At the same time, though, the civilisational realists are keenly attuned to the questions of particularity and historical contingency that were originally raised by Herder. This is, without a doubt, a legacy of the Slavophil impress on Russian conservatism. Likewise, the willingness to engage the West on positive terms is a deliberate echo of the Slavophil engagements of the early-to-mid nineteenth century. But civilisational realism tends in a very different direction than Slavophilia. It doesn’t bear the messianic marks of the original Slavophils. Its historical awareness has given its proponents a degree of humility that is lacking in the likes of Kireevsky, Khomyakov or Aksakov. They do not pretend to be giving to the world the unique ‘new word’ that Russia was supposed to speak; instead, they are trying to allow Russia time to catch its breath again.

  3. Marxism. Far from being the dead or moribund ideology that our élites have been telling us it’s been for the past three decades, the Marxist parties of southern India, Nepal, Vietnam, Laos, Cuba, Venezuela, (until recently) Bolivia and (yes) China have shown themselves to be resilient, flexible, tough and pragmatic. Whether or not you agree with their outcomes or the means by which they keep power, they have shown themselves to be politically stable in the face of active attempts to bludgeon them into submission or oblivion with sanctions, interventions and colour revolutions.

    More than that: Marxism has proven to be surprisingly dynamic. I can attest from experience that actually-existing Marxist parties operate in an intellectual space heavily-dosed with inaccessible, inane, soporific jargon. At the same time, there is valuable intellectual work being done at the fringes of the ‘big red circle’. Marxism is creatively making contact with environmentalism; with religion; even with culturally-conservative traditionalism – and the results are, to say the least, interesting to watch. Marxism is likely to remain a significant alternative to liberalism for the foreseeable future throughout Latin America, Africa and Asia.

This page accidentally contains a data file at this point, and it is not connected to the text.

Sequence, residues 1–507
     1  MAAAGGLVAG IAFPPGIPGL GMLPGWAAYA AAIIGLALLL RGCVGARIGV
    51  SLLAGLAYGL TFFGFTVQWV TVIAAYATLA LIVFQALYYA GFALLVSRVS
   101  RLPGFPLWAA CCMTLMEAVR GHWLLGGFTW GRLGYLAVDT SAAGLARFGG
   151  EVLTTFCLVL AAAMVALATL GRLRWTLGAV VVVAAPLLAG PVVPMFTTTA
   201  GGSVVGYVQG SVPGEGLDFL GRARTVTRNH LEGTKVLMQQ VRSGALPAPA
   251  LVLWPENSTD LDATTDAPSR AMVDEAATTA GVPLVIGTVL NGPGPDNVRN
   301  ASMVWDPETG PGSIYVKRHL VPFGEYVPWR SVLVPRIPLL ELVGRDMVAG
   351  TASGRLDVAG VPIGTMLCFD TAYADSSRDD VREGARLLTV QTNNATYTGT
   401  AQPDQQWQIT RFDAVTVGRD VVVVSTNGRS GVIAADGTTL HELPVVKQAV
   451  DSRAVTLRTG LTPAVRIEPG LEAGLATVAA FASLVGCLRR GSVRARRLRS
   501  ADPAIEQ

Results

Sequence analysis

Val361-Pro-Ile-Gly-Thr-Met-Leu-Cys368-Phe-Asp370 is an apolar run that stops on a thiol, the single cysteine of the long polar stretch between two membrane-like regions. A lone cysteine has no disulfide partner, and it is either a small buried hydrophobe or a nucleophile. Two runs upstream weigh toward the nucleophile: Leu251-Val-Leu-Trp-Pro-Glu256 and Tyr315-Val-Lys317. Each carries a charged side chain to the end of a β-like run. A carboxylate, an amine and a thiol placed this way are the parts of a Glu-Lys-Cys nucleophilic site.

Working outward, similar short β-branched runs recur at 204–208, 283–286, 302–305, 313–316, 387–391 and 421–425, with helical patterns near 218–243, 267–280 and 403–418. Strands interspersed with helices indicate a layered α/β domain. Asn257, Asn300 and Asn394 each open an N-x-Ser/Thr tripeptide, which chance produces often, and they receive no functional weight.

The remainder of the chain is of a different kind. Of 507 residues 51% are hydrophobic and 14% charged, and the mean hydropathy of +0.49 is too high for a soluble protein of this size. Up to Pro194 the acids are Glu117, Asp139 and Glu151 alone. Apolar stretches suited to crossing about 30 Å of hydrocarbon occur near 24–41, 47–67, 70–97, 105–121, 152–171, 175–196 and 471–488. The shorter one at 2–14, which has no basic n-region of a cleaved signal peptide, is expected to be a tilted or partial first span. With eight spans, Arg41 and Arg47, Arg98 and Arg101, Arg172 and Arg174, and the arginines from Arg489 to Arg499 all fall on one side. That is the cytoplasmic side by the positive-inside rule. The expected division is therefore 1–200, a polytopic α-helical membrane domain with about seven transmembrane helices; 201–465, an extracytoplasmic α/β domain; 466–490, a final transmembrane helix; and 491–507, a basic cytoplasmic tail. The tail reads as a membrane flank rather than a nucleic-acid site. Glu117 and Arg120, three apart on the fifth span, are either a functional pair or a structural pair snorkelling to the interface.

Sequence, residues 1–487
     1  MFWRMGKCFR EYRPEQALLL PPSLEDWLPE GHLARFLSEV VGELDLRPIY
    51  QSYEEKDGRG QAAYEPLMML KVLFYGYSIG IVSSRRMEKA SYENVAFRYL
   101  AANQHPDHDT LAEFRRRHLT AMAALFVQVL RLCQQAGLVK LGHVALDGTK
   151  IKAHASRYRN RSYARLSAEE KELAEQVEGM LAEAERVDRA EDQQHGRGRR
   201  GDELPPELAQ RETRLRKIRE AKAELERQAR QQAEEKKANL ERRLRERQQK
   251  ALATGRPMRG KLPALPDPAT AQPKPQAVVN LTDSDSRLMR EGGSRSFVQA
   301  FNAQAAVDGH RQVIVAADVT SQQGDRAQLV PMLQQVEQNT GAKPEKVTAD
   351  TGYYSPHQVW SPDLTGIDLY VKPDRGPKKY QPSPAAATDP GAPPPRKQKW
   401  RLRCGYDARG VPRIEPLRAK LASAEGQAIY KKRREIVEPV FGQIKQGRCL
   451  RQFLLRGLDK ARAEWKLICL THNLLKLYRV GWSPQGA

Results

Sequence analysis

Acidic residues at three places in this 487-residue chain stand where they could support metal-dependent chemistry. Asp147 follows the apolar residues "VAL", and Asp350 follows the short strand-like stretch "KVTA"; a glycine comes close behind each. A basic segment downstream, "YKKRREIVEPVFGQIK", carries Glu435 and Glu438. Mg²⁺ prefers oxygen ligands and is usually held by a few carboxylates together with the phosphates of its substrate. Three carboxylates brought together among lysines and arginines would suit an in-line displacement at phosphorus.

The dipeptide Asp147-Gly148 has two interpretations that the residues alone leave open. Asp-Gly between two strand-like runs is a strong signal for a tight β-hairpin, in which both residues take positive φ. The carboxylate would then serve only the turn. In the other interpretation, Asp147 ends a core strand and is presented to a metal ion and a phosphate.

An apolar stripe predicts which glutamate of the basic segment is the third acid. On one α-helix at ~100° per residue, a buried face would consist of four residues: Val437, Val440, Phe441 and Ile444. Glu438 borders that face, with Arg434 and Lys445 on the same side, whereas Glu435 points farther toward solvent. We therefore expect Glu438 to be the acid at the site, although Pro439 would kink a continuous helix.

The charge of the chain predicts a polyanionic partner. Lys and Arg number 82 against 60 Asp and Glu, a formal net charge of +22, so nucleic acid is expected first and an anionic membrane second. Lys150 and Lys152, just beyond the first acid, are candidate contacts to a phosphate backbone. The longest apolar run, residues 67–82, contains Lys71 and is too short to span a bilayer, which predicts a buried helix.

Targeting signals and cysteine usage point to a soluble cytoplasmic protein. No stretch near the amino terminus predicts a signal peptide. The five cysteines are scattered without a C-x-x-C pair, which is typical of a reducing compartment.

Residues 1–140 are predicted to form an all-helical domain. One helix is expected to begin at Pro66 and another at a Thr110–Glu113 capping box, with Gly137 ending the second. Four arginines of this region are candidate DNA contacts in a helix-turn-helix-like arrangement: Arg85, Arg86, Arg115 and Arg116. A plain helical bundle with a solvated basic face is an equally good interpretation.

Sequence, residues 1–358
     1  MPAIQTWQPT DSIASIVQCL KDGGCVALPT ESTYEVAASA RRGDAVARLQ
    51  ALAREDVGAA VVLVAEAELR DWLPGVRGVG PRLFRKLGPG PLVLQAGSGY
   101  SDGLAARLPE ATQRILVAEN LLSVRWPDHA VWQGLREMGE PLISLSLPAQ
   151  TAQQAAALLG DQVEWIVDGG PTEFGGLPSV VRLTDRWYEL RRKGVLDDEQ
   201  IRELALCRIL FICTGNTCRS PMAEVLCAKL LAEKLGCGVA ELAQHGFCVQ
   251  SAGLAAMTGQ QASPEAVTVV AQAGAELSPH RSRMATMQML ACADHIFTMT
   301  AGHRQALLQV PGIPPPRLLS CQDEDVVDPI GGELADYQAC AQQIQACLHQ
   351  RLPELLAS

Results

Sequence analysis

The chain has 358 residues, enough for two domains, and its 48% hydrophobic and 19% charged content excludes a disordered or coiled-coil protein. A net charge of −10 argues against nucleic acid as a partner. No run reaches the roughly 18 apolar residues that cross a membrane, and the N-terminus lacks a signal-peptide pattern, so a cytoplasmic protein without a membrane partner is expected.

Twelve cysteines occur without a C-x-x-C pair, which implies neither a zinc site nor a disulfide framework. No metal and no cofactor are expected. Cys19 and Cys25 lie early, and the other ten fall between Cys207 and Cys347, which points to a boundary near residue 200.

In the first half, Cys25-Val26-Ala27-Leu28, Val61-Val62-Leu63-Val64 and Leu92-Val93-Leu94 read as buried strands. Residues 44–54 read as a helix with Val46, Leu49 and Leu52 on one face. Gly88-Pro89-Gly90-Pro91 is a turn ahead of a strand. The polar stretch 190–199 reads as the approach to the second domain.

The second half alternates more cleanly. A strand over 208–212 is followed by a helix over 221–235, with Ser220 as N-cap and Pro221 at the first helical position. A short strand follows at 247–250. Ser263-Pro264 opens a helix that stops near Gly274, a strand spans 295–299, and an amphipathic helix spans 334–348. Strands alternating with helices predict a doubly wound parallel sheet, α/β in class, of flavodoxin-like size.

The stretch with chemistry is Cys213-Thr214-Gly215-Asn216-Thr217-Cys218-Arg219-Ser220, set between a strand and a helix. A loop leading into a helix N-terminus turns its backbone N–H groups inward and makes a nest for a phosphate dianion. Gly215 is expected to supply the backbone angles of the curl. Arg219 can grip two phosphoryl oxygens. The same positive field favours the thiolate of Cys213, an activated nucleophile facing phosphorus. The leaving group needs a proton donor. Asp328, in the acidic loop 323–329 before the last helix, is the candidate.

4. Red Shî‘ism; Black Shî‘ism. The title of Dr Ali Shariati’s article is an apt description of the politics – on both sides of the coin – of the Mihwar al-Muqâwamah. It represents, like the civilisational realism described above, a strategy rather than an ideology per se, and it is a strategy that is shared by both sæcular Arab nationalists and theocratic Persians. But it is an offensive rather than a defensive strategy; a strategy for pursuing asymmetric warfare rather than a strategy for détente.

    ‘Red’ Shî‘ism, informed as it is by the martyrdoms of ‘Alî and Husayn on behalf of the helpless and by the eschatological ideal of righteous kingship inherited from Zoroastrianism, takes a natural and instinctive solidarity with the oppressed and uses it as a revolutionary rallying-cry. The ‘red’ Shî‘ism of Hizbullâh which actively takes up the cause of the Christians in Lebanon, just as readily in the case of Ansârullâh takes up the cause of the starving and deprived Yemeni people. The idea of martyrdom on behalf of the defenceless in Shî‘a Islâm is strong enough that its passion extends to the welfare of non-Muslims.

    But as Dr Shariati notes, ‘red’ Shî‘ism – the religion of the martyrs – turns rapidly into the ‘black’ Shî‘ism of the Safavids – the religion of mourning. There is a certain note of cynicism that creeps in around the edges when Shî‘ism is exposed to the realities of power. Though Shariati is more emphatic on the nature of ‘red’ Shî‘ism and more apophatic on ‘the religion of mourning’, what he doesn’t say about the latter is eloquent. The ‘religion of mourning’ is one in which the fervour for the dignity of the oppressed cools and congeals into a set of theocratic dictums. The cleric takes himself into a masjid beside ‘Âlî Qâpû, his face long with resignation, and expounds with grim necessity the realities of power politics. This is not, I hasten to add, merely an Islâmic problem: we Orthodox Christians, too, have our problems with ‘mourning’ cynicism. But the words of the clerics in Tehran, however just their outward cause, are to be watched with care.